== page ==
Netflix has a stacked September, with a bevy of originals, classics, cartoons and docuseries hitting their electronic shelves. We sifted through their entire menu of offerings to give you a curated list of the can’t-miss picks.
Bruce Almighty (9/1)
The Jim Carrey hit is better than you remember, even if you already thought it was good. Morgan Freeman is inspired casting as God, and lest you forgot, Jennifer Aniston is in this movie (where has she been, anyway?). We still ride for this one. We miss Jim Carrey, too.
The Breakfast Club (9/1)
It might be the greatest teen movie of all time. John Hughes delivered a stone-cold classic coming-of-age film with this one, and now, it’s responsible for many of the tropes and stereotypes we see in pretty much every movie or show about high school, from Stranger Things to Lady Bird. This one’s so good. Don’t you forget about it.
Many Westerns use their undisciplined and lawless setting to meditate on themes of evil and violence, but few do it better than this Best Picture Winner. With Clint Eastwood in one of his last truly great roles (he drank the good-part nectar again in Gran Torino), Gene Hackman doing the same and Morgan Freeman making a welcome appearance, this 1994 gem rivals the old-school pillars of the genre.
The Emperor’s New Groove (9/2)
We’ll let our hot take speak for itself: This is the funniest Disney movie, if not the most quotable to boot.
Black Panther (9/4)
A lock for many of our year-end best-of lists, Black Panther was a cultural force when it came out in February and it hasn’t slowed down, with Killmonger and Wakanda persisting in the lexicon through the summer. Give this one a stream in preparation for all the Oscar talk that’s going to start churning in the next few months. Trust us, it’s coming.
American Vandal: Season Two (9/14)
If you can tolerate its crass premise, American Vandal proves to be one of the most pleasant surprises on Netflix. It’s vulgar, no doubt, but it’s also wicked smart and precisely incisive on the mechanics of high school social politics. The second season certainly looks like it’s upping the nasty humor (the trailer’s funny, but genuinely disgusting), so here’s hoping it ups the smarts alongside the gags.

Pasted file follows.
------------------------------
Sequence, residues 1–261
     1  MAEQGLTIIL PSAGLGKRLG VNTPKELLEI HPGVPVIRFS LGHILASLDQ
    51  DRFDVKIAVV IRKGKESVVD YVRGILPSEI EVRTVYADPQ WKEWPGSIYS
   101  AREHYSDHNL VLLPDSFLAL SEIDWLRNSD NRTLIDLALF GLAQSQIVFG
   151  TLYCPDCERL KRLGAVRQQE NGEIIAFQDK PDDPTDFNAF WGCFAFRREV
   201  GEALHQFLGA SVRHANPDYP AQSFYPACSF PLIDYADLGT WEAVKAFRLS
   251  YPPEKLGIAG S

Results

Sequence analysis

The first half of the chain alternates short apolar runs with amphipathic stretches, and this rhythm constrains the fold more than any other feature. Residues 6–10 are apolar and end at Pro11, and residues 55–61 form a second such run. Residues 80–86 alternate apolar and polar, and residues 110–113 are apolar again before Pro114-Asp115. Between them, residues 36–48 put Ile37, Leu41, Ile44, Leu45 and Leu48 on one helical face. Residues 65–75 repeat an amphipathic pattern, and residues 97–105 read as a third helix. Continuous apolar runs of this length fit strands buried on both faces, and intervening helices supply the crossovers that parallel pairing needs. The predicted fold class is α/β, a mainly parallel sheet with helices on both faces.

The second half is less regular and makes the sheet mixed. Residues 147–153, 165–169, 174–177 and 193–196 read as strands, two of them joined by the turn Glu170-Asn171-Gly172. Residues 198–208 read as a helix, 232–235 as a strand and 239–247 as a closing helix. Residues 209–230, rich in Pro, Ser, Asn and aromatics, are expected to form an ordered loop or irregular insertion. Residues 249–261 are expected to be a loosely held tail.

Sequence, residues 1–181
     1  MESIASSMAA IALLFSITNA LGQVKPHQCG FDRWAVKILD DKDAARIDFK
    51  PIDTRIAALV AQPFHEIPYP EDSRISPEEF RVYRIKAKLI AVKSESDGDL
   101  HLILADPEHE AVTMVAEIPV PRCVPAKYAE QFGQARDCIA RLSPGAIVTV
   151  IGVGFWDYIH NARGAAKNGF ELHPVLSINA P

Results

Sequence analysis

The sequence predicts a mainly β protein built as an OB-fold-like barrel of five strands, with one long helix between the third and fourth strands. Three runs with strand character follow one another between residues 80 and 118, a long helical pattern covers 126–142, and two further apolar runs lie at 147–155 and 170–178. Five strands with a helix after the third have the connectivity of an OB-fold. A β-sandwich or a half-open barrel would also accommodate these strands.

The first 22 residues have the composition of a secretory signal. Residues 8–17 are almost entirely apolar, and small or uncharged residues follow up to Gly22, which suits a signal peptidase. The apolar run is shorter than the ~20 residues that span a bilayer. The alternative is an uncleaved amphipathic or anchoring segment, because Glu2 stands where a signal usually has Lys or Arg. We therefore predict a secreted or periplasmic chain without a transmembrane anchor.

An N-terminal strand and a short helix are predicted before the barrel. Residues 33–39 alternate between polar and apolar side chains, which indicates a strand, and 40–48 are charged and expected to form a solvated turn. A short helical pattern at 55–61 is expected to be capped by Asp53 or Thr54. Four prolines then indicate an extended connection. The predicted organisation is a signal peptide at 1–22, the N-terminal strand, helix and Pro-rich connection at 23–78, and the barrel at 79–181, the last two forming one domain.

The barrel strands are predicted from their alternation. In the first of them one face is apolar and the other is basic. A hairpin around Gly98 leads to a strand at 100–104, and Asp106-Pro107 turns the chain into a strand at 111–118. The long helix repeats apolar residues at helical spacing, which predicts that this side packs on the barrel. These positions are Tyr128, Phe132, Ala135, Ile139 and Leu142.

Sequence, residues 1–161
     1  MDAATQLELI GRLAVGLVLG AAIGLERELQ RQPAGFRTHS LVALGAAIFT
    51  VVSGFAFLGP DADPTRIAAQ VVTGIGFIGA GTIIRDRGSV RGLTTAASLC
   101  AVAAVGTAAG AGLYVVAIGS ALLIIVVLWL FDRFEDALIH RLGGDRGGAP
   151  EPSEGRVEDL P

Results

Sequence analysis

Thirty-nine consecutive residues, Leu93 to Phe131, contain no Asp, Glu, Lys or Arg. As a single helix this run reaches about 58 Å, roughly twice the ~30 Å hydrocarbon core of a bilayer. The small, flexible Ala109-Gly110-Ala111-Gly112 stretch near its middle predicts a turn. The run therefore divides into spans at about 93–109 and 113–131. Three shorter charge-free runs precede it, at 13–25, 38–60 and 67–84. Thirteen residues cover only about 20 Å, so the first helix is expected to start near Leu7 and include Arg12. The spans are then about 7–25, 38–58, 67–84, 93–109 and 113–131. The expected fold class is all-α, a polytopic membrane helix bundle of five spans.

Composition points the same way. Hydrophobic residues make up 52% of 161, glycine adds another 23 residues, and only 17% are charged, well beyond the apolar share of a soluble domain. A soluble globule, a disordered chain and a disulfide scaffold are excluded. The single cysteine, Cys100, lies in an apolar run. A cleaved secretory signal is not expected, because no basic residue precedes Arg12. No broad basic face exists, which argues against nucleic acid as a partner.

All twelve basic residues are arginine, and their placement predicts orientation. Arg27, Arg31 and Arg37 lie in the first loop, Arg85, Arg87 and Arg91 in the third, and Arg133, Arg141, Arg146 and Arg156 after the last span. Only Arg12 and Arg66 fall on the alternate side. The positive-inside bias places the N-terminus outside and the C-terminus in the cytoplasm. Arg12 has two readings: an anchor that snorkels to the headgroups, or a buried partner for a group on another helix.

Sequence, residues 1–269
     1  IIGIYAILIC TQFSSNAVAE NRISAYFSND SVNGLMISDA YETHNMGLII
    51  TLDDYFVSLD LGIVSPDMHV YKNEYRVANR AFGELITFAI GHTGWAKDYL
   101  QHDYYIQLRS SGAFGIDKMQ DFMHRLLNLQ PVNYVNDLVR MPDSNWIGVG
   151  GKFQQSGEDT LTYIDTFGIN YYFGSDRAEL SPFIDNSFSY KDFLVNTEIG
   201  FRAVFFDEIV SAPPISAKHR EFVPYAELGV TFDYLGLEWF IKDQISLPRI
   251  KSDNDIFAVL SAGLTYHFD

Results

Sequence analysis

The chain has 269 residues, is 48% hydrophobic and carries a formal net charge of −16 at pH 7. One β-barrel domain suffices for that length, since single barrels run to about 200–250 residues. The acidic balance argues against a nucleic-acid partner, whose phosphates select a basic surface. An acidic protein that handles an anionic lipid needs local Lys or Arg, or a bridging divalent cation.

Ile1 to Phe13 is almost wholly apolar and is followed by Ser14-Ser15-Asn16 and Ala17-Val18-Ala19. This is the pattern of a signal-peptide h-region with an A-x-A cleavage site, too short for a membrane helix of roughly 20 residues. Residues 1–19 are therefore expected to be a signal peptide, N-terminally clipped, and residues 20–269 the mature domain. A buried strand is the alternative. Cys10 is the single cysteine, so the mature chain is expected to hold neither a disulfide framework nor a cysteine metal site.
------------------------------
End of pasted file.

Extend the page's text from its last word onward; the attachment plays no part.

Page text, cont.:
BoJack Horseman: Season Five (9/14)
It’s the show that convinced a lot of people cartoons could be for adults. BoJack is about a talking horse, but it’s also about mental health, and downward spirals, and self-worth and how family legacies affect the way we view our own pain. For every wacky high jink involving Mr. Peanut Butter, there’s a shattering, excruciating episode like “Escape from L.A.” If you thought this was a kids’ show, you owe it to yourself to give it a shot.
The Dragon Prince (9/14)
The pitch here is simple: The creator of Avatar: The Last Airbender (the terrific TV show; not the awful movie) is launching a new project with Netflix. Expect depth of character, dazzling visuals and a playful atmosphere. You could watch this with the children, for sure.
The Witch (9/17)
From A24, this non-traditional horror movie builds dread through a powerful sense of paranoia and a harsh style that blends old-fashioned language with timeless fears. Centering on an excommunicated family menaced by the titular monster, The Witch won’t shock you so much as inject itself right into your mind. Maybe not scary, but definitely freaky.
We don’t know much about this one (no one does, really) except it stars Jonah Hill and Emma Stone, is bringing a ton of visual flourish and is directed by True Detective veteran Cary Fukanaga. It’s most likely going to be great. If anything, it will be that word people say when they don’t know what else to say … interesting.
The Good Cop (9/21)
This new show stars a duo of entertainment-industry pros we know you’re expecting to see at the top of a cast list for a police show: Tony Danza and Josh Groban! Yeah, we’re as weirdly excited as you are.
Pirates of the Caribbean: Curse of the Black Pearl (9/25)
No matter what you think of the sequels (spoiler: you think they’re bad), the original Pirates is a good time. The cast rocks, Depp is super good (Did you know he was nominated for an Oscar for the second movie? Amazing.) and Orlando Bloom and Kiera Knightley are just wonderful together. We’re talking about this movie like you haven’t seen it. You’ve seen it. You know this. Watch it again.
Chef’s Table (9/28)
Our favorite food series this side of Chopped and The Great British Baking Show returns with another volume of mini-documentaries about the world’s greatest culinary minds. Come for the gorgeous food shots, stay for the amazing, inspiring, reverential profiles of really amazing people.
Tyler Daswick is a senior writer at Relevant. Follow him on Twitter @tylerdaswick.